Algorithms Notes – Chapter 6

shouldnt_be_hard

Analysis of Breadth-First Search 

(Keep the pseudocode of the algorithm from the previous chapter somewhere handy)

Complexity

Let G = (V, E) be the input graph for the algorithm.

Time Complexity: We know that the algorithm never sets the color of a vertex to white after initialization hence the if condition in line 14 ensures that every vertex is enqueued at most once. If a vertex is enqueued at most once then it is dequeued at most once. Since the enqueuing and dequeuing operations take \mathcal{O}(1) time, the total time required for queueing all the vertices is \mathcal{O}(|V|). We also know that the algorithms scan the adjacency list of each vertex only after it is dequeued. Since a vertex is dequeued at most once, every adjacency list is scanned at most once. The same of the lenghts of all the adjacency lists is \Theta(|E|) (see handshaking lemma). Hence the time for initialization is \mathcal{O}|V| and the time for running the algorithm is \mathcal{O}|E|. Therefore the time complexity of the algorithm can be expressed as \mathcal{O}(|V| + |E|).

Space Complexity: Since we are using adjacency lists to represent the graph, the space complexity of the algorithm is \mathcal{O}(|V| + |E|).

Correctness

We shall prove the correctness of the Breadth-First Search algorithm by proving that it correctly calculates shortest path distances.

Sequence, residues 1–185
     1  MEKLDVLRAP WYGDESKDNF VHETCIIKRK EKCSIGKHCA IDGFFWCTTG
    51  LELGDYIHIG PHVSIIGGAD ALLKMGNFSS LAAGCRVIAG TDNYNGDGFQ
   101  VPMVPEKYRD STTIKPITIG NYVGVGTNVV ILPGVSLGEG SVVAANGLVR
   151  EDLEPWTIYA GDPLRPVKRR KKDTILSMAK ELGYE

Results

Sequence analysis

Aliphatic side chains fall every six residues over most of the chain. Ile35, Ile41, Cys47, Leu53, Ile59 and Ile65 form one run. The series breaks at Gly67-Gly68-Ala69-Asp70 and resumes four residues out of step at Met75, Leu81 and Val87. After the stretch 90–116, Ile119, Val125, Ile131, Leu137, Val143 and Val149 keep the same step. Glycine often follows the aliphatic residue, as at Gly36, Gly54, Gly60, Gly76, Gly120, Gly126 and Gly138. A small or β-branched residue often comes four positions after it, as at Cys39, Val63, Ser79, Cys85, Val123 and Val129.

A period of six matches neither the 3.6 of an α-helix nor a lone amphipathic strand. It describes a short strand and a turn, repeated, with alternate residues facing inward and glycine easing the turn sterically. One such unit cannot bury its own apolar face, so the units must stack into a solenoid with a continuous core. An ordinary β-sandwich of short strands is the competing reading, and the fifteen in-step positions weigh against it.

Definition: The shortest-path distance \delta (u, v) between any two vertices u and v in a graph is the minimum number of edges between any path from u to v in the graph. If no path from u to v exists, then we say that \delta(u, v) = \infty.

Lemma 1: Let G = (V, E)  be the input graph (it can be either directed or undirected, doesn’t matter) and let s be any vertex in G. Then for any edge (u, v) in G, it is true that \delta(s, v) \le \delta(s, u) + 1.

Proof: If a path exists from s to u then, since there is the edge (u, v), there is also path from s to v. Since there is an edge between u and v, the shortest path between s and v cannot be longer than one edge more than the shortest path between s and u. If there is no path between s and u, then \delta(u, v) = \infty, in which case the inequality obviously holds. \square

Obligatory Math Terminology Comic

Lemma 2: Let G = (V, E) be the input graph (once again, it can be either directed or undirected) and let s be any vertex in $latexc G$. Let BFS be run on G with s as the source. Upon termination, for each vertex v in G, it is true that v.d \ge \delta(s, v).

Proof: Proof by Induction on vertices with the inductive hypothesis being: v.d \ge \delta(s, v) for all $v \in V$.

Basis Step: When Q contains only s, the inductive hypothesis is true since s.d = 0 = \delta(s, s) and for any other vertex v, v.d = \infty \ge \delta(s, v). This completes the basis step.

Inductive Step: Let v be a white vertex that is discovered after scanning the adjacency list of a vertex u. From line 16, we know that, v.d is set to u.d + 1. From the inductive hypothesis, we know that u.d \ge \delta(s, u) and hence u.d + 1 \ge \delta(s, u) + 1. Since v.d = u.d + 1, this implies that v.d \ge \delta(s, u) + 1. By lemma 1, we know that \delta(s, u) + 1 \ge \delta(s, v) and since v.d \ge \delta(s, u) + 1, it is evident that v.d \ge \delta(s, v). This completes the inductive step. \square

I’ll continue the proof for correctness in the next chapter.

Happy New Year, by the way.

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